I am creating a method in a class in a module mod1 and calling it as follows:

class blahblah:
   def foobar(self, bvar, **dvar)
       return dvar

And calling it as:

obj1 = mod1.blahblah()
dvar1 = obj1.foobar(True, **somedictionary)

It throws a Attribute error: blahblah has no attribute named foobar

Could you please help me with it? Thanks in advance

  • 1
    Clearly, you have not posted the code that you're actually using, for whatever reason. That's fine. But based on your post, there's nothing wrong. Are you sure that there's not a typo in your real code (perhaps you accidentally spelled foobar as fubar, etc)? – inspectorG4dget Oct 26 '12 at 21:35
  • 1
    This error can only occur if foobar is not a method defined inside blahblah. Since you assert that it is defined as such, you should not be seeing this error. Are you sure that foobar is defined inside blahblah in your real code? – inspectorG4dget Oct 26 '12 at 21:39
  • 2
    Have you defined blahblah twice? Once with foobar defined, and once without? (i.e. overriding your previous definition) – Wilduck Oct 26 '12 at 21:41
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    @user1778309 please post the related excerpts from the real code. – Ashwini Chaudhary Oct 26 '12 at 21:41
  • 3
    Something you are assuming is true, is actually False. Take a look at dir(mod1.blahblah) (is foobar there?), dir(obj1) (is foobar there?), obj1.__class__ (is it mod1.blahblah?), obj1.__module__ (is it mod1?, etc. – unutbu Oct 26 '12 at 21:45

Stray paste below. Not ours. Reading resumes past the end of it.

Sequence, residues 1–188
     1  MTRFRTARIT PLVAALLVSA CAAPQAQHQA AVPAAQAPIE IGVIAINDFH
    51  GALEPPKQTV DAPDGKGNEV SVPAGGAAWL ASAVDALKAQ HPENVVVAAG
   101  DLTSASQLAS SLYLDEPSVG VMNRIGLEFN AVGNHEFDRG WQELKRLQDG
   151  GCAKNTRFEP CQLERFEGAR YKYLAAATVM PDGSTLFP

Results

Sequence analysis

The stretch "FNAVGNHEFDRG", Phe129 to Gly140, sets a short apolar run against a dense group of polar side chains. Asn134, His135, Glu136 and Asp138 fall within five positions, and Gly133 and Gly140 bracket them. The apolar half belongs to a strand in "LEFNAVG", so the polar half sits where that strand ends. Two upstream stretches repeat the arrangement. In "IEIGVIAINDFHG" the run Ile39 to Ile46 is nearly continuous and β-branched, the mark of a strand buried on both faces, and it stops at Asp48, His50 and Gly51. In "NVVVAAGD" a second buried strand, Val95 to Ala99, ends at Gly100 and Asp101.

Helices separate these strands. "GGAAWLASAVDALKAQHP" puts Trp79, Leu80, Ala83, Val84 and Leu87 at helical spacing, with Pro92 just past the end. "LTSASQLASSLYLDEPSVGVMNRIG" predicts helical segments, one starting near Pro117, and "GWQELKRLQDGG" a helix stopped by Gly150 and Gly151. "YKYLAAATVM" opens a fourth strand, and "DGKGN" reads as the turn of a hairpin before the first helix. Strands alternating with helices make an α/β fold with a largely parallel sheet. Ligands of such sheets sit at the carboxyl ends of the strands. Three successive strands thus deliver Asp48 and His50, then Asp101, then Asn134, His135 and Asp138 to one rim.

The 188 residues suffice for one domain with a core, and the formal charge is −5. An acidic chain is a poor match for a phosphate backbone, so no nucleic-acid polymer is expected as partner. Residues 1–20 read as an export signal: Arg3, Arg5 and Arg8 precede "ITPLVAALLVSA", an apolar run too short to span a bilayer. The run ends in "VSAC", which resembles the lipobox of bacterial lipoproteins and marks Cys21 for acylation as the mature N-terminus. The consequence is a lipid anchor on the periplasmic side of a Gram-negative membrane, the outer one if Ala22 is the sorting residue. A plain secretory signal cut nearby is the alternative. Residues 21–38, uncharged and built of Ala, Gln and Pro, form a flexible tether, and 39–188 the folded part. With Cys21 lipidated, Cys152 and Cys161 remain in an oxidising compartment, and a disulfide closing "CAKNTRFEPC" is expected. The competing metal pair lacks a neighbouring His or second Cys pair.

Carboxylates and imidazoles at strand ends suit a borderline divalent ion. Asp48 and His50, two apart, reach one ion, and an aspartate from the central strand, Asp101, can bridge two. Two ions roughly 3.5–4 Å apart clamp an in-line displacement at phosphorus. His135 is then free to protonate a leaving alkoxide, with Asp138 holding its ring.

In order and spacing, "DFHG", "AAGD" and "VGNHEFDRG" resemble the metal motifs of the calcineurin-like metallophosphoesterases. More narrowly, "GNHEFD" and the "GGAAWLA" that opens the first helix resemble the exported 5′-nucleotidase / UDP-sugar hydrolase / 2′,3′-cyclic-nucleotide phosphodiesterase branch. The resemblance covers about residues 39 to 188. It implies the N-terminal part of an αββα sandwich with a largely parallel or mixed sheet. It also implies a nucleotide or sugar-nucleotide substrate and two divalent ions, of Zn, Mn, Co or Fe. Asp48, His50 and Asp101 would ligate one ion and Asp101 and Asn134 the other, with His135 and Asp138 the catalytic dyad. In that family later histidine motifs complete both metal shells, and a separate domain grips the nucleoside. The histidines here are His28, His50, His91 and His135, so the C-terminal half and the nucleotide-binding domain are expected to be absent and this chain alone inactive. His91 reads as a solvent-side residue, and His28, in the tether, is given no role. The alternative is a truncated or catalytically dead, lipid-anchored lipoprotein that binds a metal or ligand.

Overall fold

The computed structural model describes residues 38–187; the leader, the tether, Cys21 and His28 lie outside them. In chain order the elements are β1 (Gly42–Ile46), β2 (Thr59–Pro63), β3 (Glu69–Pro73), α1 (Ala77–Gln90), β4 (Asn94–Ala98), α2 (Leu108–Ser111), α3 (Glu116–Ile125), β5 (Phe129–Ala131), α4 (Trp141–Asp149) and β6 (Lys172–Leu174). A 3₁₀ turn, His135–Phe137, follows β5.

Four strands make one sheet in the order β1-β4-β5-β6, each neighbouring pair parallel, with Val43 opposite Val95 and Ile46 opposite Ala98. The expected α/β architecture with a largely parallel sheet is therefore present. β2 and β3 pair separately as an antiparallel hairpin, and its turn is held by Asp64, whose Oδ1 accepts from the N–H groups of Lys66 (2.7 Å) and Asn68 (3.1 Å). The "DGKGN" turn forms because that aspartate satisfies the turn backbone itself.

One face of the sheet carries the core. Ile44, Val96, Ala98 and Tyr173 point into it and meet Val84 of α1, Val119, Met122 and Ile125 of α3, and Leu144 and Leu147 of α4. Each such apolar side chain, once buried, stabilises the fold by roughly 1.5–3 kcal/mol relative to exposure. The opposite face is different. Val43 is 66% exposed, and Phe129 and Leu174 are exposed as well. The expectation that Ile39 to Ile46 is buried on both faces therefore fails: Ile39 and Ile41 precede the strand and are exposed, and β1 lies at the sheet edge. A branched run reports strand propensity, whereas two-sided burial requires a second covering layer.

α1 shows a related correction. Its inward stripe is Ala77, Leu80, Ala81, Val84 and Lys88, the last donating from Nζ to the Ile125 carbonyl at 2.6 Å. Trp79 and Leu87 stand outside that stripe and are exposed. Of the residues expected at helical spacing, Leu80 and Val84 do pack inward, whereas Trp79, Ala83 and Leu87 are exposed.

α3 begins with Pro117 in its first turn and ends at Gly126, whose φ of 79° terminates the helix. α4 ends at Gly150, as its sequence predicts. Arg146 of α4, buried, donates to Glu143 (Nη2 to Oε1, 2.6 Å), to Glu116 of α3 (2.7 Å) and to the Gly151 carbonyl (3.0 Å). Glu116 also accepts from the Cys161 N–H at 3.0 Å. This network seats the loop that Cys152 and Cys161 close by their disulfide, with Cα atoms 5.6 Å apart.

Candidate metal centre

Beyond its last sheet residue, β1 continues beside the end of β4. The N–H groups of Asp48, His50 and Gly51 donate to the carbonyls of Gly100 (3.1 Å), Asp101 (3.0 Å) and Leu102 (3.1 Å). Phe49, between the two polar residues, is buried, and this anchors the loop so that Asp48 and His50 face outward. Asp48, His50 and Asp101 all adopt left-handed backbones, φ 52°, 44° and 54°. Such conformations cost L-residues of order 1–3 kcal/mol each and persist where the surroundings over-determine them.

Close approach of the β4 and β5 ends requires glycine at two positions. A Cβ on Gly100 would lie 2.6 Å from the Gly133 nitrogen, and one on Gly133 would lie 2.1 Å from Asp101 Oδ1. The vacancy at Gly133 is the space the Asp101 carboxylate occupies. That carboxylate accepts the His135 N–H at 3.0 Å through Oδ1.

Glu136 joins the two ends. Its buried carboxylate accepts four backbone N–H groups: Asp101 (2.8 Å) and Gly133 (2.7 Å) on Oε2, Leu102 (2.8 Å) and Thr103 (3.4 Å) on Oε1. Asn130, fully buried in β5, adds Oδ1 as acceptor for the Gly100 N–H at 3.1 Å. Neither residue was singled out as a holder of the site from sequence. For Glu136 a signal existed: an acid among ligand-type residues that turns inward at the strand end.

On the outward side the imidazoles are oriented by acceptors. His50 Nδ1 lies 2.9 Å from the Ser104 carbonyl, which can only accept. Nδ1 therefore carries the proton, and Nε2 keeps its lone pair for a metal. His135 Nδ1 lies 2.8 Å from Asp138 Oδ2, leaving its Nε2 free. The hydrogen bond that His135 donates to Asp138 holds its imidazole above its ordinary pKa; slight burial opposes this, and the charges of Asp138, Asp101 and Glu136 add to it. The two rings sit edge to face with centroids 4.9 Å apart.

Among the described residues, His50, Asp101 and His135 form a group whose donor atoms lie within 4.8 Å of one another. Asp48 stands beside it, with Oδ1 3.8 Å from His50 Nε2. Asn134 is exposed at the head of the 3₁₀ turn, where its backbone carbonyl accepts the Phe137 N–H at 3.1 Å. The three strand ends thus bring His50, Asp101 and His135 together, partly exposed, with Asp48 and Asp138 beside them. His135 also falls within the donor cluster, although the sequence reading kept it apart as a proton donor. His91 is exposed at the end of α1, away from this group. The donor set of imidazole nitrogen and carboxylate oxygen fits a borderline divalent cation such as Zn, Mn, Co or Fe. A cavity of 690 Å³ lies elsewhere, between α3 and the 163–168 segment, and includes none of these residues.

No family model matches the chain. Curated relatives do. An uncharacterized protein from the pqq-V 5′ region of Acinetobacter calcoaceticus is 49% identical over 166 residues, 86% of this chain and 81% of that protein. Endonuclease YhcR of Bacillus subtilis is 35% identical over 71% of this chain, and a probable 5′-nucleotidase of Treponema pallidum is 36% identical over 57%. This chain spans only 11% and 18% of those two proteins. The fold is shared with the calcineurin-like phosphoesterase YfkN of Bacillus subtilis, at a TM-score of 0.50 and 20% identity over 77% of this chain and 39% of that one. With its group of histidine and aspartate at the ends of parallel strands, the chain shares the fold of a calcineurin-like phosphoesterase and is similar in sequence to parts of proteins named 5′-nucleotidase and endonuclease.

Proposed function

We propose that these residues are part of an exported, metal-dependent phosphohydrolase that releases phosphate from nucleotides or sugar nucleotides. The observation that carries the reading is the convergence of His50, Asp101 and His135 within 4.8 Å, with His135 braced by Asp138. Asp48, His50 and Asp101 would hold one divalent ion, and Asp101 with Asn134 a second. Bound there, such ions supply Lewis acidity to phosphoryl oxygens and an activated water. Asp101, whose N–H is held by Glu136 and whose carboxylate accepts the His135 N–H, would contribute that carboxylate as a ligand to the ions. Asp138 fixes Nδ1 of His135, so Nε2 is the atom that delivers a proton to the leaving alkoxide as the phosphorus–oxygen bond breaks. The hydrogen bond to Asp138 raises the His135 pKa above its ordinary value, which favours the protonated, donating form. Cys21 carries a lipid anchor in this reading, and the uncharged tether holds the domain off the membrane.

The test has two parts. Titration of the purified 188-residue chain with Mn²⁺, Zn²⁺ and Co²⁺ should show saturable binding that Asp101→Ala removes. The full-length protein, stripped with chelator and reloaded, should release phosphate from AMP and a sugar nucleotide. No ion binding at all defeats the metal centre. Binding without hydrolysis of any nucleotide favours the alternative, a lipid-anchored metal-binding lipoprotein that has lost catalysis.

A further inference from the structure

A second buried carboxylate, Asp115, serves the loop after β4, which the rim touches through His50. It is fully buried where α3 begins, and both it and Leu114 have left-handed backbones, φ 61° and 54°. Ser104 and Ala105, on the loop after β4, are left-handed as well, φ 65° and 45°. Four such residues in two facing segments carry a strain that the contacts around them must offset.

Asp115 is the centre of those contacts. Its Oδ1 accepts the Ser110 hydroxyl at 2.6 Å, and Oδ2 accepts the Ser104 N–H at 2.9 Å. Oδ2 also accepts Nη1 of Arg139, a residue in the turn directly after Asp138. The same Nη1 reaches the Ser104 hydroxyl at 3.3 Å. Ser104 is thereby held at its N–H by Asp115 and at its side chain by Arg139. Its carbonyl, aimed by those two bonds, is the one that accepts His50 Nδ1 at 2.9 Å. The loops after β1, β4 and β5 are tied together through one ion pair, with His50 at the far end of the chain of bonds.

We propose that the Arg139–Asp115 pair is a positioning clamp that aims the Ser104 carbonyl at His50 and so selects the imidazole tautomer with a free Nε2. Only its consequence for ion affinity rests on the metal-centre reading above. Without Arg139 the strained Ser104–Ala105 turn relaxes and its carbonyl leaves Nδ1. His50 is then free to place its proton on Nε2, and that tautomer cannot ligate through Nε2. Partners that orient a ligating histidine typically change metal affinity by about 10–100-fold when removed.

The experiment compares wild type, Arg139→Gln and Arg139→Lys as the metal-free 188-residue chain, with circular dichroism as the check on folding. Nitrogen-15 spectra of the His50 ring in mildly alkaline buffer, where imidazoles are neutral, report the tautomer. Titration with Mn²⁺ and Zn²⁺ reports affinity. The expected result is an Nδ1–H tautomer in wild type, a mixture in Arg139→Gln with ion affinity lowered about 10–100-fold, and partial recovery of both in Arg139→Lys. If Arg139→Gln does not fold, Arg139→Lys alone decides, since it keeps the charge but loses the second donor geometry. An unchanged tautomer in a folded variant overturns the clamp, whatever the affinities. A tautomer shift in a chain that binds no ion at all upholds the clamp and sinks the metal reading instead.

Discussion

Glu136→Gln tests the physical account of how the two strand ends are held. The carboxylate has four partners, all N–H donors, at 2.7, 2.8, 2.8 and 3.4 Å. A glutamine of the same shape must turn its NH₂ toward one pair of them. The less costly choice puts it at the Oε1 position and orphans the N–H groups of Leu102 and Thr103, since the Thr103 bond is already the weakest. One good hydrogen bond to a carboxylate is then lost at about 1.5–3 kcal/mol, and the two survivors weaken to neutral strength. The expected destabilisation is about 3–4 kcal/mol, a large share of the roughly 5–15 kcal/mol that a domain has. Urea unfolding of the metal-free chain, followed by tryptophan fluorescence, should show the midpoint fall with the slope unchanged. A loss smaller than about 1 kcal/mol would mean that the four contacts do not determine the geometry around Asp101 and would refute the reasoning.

The type of error you describe can be caused simply by mismatched indentation. If the method is at the very bottom of your class, move it up in the class a bit and the problem will become apparent.

When python interpreters run into mismatched indents (like say you started using tabs at the bottom of a file that was indented with spaces), the interpreter will not always throw an error; it can simply ignore the rest of the file. I ran into this just today while updating some old code where the original author used different whitespace chars (that happened to match my Geany tabs), and it threw me for a loop for a lot longer than I'd like to admit. :)

  • Thanks, this was helpful. I had the same issue where a mix of tabs and spaces were used for indentation in the file. I had read through a number of explanations without any resolution before finding your answer. – tompark Apr 19 '13 at 20:54
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    For what it's worth, it can also happen when using the %autoreload magic command in jupyter notebook, when you modify some methods in your module code (ipython.org/ipython-doc/3/config/extensions/…) – Jacquot Jul 10 '17 at 13:51

I had the same issue, and for me it happened when I moved the class file, but I left a .pyo file in the old folder, and python was still reading that .pyo file instead of reading the moved .py file.

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